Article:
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Wednesday, June 29, 2011

Morphing triangles into lines

I have previously blogged on how messy triangles can be, whether economic or relationships. The three-way transactions in health care create all types of problems in terms of mission and resource allocation. Patient motivations to over-consume at the all you can eat health care buffet, encouraged by the pay per click culture are leading us to bankruptcy.

Today Pittsburgh insurer Highmark announced it was to acquire a large chain of hospitals in western Pennsylvania. This is an interesting scenario. When health systems and payers form single entities, it goes a long way to eliminate the three way economic transactions in the health care economy. We end up with patients who pay for a service and health systems which provide that service for some sort of fee. How the fee is structured and what it actually pays for is up for grabs. I suspect it will be some sort of hybrid where the public will pay up front for something and then be nickeled and dimed to death when they find that everything is ala cart.

I suspect it will not be so simple to pull this off. We are talking about the merging of two different types of business with two very distinct cultures and business models. The product of these mergers is will either be a company which uses a health care delivery system business model and culture or an insurance model and culture. In some sense, the ACOs model is attempting to do the same thing, encouraging partnering of traditional payers and those who deliver services to patients, primarily to limit cost although some lip service is devoted to safety and quality. It is easy to measure money and difficult to measure relevant quality and safety metrics. Success will primarily be measured financially.

In each case, the last entities standing will be ones which adopt the most of the insurance company culture and business models. Hospital business plans for the most part look to bill aggressively and focus on high margin (expensive) interventions. When payers and providers merge into single entities, these activities just represent cost centers. I suspect that insurers will look at hospitals they acquire like any other business entity would new acquisitions.  Hold on to the assets that bring value to the company and gut the rest. Hospitals cost insurers great amounts of money. When they acquire hospitals is there any reason to think they will not still cost them huge amounts of money?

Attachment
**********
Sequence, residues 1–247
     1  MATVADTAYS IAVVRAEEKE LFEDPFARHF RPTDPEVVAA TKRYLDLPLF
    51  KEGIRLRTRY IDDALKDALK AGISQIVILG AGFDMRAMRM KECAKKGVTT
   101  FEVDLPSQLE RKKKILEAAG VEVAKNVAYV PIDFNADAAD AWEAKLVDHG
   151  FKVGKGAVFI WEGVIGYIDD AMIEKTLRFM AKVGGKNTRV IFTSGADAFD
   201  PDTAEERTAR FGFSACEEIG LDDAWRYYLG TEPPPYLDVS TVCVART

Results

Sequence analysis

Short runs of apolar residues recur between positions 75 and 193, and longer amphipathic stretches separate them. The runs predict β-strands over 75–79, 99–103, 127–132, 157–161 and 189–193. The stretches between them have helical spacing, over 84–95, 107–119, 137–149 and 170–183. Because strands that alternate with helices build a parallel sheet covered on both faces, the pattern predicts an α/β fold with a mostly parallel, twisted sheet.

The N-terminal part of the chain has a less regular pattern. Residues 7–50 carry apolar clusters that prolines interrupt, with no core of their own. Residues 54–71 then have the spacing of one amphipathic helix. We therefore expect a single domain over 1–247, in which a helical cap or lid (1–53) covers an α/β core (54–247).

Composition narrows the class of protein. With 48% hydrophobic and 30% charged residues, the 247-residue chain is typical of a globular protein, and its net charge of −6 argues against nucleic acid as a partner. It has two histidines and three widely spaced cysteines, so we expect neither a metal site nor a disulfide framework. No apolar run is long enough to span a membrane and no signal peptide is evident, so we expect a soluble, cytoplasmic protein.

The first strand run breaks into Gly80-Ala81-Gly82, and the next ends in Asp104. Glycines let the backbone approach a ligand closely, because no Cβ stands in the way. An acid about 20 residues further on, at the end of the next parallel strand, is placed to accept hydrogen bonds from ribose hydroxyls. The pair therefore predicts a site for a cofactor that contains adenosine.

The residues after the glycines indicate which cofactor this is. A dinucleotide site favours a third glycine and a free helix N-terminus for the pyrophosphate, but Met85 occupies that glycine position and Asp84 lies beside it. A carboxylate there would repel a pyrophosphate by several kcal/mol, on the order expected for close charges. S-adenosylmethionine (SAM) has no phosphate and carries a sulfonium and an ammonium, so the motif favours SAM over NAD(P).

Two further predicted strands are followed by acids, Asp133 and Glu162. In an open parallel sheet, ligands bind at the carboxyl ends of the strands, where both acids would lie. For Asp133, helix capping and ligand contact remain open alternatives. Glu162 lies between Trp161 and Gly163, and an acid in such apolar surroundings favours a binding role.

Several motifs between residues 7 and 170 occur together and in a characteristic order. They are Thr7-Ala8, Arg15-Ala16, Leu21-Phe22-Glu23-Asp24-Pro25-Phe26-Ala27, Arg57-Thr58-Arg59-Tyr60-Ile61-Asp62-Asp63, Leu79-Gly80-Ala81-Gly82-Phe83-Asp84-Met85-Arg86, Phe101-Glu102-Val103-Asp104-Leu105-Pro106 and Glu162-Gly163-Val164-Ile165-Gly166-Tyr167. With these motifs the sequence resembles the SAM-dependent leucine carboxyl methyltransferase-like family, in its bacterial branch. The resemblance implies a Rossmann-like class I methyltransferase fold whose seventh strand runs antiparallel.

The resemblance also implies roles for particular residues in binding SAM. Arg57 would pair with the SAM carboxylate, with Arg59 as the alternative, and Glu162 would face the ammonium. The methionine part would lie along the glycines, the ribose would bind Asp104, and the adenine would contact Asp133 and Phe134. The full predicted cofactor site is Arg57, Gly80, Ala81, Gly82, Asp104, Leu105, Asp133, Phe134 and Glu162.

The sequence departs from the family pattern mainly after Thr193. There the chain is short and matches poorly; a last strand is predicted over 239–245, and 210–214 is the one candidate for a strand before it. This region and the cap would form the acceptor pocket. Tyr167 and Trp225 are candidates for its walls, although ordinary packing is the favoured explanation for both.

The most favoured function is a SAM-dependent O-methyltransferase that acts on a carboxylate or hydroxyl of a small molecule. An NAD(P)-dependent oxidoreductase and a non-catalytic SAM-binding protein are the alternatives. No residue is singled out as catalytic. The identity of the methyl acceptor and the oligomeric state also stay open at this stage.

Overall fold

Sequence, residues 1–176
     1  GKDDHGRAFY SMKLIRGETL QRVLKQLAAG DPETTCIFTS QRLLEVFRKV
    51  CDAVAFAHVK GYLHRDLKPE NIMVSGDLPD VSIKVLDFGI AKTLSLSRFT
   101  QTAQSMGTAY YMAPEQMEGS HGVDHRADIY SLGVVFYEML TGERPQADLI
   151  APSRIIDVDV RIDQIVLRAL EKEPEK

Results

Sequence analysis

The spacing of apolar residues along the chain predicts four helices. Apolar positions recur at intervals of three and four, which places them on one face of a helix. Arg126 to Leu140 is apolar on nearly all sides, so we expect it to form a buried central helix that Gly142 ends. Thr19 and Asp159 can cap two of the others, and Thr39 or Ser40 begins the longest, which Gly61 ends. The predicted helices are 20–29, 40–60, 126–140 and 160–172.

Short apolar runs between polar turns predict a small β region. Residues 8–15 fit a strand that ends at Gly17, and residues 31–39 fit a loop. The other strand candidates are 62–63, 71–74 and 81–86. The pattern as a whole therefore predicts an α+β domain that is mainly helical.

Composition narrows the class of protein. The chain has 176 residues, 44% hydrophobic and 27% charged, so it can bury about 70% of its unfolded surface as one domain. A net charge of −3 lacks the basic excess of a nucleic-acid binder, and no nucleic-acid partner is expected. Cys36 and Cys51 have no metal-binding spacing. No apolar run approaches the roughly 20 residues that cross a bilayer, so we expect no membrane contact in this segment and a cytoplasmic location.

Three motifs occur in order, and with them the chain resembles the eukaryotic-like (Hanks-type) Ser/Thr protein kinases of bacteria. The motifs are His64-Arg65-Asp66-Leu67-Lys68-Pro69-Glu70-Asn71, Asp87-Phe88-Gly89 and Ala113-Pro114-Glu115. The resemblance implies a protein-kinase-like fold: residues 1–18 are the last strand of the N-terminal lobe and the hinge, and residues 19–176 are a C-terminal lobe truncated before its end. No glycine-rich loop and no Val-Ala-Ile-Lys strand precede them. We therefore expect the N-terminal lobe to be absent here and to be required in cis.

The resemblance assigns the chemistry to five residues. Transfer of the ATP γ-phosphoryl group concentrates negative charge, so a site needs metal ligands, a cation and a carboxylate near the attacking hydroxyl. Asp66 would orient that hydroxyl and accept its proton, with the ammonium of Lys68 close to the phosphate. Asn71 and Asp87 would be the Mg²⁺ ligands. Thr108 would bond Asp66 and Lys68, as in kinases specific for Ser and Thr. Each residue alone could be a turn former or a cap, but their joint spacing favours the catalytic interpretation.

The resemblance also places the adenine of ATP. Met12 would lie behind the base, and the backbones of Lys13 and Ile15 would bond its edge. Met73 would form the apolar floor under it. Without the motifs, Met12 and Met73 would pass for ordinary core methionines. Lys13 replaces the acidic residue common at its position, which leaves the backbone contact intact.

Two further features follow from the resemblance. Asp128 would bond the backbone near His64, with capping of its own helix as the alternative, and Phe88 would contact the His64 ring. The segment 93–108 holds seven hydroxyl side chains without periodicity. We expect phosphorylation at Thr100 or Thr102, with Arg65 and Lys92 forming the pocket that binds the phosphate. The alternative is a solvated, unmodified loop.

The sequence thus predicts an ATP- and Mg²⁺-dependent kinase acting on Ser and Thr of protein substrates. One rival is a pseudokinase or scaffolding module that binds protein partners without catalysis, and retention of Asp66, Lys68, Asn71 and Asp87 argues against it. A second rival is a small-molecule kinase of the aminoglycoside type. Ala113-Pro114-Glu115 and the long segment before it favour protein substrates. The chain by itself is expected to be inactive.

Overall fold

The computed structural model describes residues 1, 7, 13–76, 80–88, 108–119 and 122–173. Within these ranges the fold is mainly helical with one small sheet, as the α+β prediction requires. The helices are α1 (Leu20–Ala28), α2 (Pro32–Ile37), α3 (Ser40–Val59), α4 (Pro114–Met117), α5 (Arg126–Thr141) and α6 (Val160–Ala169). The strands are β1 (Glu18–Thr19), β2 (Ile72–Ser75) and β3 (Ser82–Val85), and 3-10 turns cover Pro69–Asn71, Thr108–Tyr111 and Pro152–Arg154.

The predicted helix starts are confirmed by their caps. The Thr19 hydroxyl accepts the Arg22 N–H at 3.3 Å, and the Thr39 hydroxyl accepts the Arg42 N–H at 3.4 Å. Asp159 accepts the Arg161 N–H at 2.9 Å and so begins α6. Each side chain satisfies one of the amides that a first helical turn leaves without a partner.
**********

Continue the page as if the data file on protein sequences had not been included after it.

Obviously some elements of hospitals will need to exist in order to deliver services which bring value to patients. The question is, what are those services and who and how will they be delivered? It is easy to predict they will be delivered in such a way that will cost the least amount possible. Pressure from government may come to bear to force these merged private entities to deliver high end services. I doubt this since both the Feds and states will be looking to save money in the health care realm. They are unlikely to champion expensive interventions when they will also be earnestly exercising cost control. 

With the evisceration of hospital power, where will still be a need for physicians and other health care professionals. In contrast to the current state, those who will be most valuable will be those whose activities will bring the most value to patients while costing their health systems the least amount of money. In the present hospital culture, those who bill the most are celebrated as the rainmakers. In the future culture where insurers run hospitals, these physicians are just overhead. Those who have the knowledge, know how, and processes to care for patients in low cost settings will control the resources. 

How quickly will this happen? Someone will get the rules right. If early hospital/insurer mergers show financial windfalls, there may be a stampede to the merger altar. Free standing insurers without linked health systems will be at the mercy of integrated systems. Similarly, health systems without captured covered lives may also find themselves out in the cold. 

Survival will require flexibility, nimbleness, and ability to ruthlessly cut costs. Those who can cut costs while also demonstrating quality and safety will be the new nobility of health care. Those who just cut costs will be part of a large commodity business.

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